PSVR 2 is set to launch on February 22, 2023, and just before its release, there have been some exciting developments, which to some may be upsetting. It has been reported that the upcoming Virtual Reality headset from Sony will not be compatible with a PC.
If you’re someone who was waiting for a long to get your hands on the PSVR 2 and play it using your PC and SteamVR, well, you might have to change your plans or buy a PlayStation console. Although Sony has yet to release any first-party VR games on Steam, the company has released non-VR games in the past with the intention of reaching Steam’s massive user base, however, the potential benefit of enabling PSVR 2 on PC is substantially less.
According to Road To VR‘s report, the iVRy Driver developer recently discussed the potential of PS VR 2’s PC compatibility on Reddit. The developer of the headset drivers is concerned that Sony would encrypt the USB signals, making the device unusable on a computer. He said:
You would be wasting your money, as there is no guarantee you could ever use it on a PC, and quite a good chance that you won’t be able to. The original PSVR is (electronically) equivalent to a monitor and so it is relatively simple to get a video signal up on it. Reading sensors etc. took a lot of reverse engineering, and at least a year from release before anyone figured that out. It then took a couple more years before it was usable as a PC VR headset. Tracking and controllers (using the original hardware) is still very much a work in progress, over 5 years from release. That is without Sony making any effort to prevent non PS4 users from using it.”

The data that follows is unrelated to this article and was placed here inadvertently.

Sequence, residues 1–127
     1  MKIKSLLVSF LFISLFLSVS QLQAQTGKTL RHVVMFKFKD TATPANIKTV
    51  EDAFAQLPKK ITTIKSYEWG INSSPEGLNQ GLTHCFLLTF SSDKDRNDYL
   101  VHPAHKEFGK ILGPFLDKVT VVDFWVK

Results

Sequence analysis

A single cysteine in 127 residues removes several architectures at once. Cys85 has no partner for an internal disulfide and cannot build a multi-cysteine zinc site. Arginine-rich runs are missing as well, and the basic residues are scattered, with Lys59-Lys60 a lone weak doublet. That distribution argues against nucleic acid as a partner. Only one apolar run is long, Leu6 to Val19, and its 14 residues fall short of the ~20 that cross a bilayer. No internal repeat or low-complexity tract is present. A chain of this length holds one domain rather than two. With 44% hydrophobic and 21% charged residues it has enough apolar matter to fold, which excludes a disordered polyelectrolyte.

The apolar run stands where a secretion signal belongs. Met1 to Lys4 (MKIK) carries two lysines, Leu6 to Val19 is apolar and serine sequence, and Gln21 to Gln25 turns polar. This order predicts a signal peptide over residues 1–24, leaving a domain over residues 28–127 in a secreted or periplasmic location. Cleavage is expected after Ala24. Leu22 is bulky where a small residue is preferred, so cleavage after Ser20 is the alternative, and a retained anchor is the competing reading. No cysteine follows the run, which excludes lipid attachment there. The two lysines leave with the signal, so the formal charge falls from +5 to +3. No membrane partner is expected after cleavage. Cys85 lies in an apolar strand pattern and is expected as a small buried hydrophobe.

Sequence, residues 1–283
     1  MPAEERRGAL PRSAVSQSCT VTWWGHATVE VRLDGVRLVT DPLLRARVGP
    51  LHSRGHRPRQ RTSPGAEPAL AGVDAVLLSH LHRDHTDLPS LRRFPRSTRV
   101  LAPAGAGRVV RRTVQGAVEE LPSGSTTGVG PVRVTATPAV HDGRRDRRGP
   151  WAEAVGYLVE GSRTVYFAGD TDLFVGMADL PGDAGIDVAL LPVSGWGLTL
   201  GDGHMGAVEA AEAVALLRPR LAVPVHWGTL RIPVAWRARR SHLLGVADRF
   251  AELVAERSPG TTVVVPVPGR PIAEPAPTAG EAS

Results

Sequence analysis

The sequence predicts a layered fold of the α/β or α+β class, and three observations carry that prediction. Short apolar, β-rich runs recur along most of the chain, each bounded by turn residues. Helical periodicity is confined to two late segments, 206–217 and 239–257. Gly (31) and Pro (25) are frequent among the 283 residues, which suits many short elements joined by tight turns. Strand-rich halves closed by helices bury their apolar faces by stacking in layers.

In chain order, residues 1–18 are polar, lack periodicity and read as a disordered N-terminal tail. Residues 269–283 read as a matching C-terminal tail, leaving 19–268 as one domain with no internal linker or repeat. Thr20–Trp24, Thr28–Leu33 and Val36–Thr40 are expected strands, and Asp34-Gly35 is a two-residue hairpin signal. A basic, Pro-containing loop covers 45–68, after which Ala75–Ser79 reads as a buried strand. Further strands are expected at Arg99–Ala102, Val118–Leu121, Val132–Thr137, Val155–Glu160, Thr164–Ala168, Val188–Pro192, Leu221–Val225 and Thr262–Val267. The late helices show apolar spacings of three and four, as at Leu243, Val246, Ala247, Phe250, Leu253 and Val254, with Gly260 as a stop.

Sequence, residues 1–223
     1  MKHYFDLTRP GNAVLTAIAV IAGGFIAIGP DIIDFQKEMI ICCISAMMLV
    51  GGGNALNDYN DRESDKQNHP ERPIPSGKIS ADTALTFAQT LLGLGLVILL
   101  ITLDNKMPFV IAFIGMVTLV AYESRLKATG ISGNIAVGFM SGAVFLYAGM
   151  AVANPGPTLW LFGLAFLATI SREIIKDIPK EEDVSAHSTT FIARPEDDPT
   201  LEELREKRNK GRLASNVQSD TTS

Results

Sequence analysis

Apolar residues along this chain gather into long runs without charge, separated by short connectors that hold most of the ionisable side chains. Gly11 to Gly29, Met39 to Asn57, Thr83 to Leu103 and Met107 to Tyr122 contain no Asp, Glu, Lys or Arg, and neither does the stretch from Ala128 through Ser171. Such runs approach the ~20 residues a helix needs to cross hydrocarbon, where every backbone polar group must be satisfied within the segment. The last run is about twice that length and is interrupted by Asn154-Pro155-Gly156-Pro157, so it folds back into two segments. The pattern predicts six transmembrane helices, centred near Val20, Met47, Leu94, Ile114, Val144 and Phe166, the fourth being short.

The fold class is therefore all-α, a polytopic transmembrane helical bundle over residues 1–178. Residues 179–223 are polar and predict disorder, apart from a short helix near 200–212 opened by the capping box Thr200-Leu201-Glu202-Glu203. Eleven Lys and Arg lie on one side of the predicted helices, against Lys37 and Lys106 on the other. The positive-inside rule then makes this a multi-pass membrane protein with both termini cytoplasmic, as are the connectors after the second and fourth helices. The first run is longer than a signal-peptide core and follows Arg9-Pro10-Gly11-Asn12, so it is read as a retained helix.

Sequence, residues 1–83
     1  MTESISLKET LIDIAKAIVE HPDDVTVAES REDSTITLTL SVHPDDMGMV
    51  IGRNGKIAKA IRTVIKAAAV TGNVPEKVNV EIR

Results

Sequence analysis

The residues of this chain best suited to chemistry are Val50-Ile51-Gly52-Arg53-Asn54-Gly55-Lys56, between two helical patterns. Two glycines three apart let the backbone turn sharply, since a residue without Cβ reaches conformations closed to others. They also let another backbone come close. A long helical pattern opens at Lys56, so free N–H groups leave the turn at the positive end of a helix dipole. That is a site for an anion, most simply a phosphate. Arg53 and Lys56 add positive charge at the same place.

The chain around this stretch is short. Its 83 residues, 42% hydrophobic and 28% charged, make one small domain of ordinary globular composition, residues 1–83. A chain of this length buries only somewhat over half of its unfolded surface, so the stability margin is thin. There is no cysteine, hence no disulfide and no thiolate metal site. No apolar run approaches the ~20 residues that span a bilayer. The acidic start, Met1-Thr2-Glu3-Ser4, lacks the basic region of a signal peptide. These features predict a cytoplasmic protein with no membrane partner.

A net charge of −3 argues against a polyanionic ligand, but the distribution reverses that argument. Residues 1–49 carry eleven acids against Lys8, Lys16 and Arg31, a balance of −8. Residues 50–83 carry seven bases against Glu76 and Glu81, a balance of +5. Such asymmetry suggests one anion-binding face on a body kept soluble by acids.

Unfortunately, PS VR 2 will not be immediately useable on PC even if the USB signals are not encrypted. This is because there is currently no SLAM tracker available for Windows, no controller support, etc. There’s a lot of work that needs to be done before the headset can be used on anything other than a PlayStation 5, so it’s unlikely that it will ever be useable on PC. It was initially impossible to use the PlayStation VR on a PC when it was released in 2016, but companies like Mediator Software remained committed to changing that.
Sony believes that having an exclusive VR headset will give them an edge over their competitor, Xbox, in the increasingly competitive console market. If the final product lives up to expectations, there will be no reason not to try it out, and anyone purchasing a PSVR 2 will almost certainly also buy a PlayStation console. Furthermore, it provides an alternative to PC VR gaming that is less expensive, so naturally, consumers will be drawn to it.
However, there has been no formal confirmation, so it is advisable to wait for it. Let us know what you think of Sony’s decision to make the PSVR exclusive until then if this turns out to be accurate.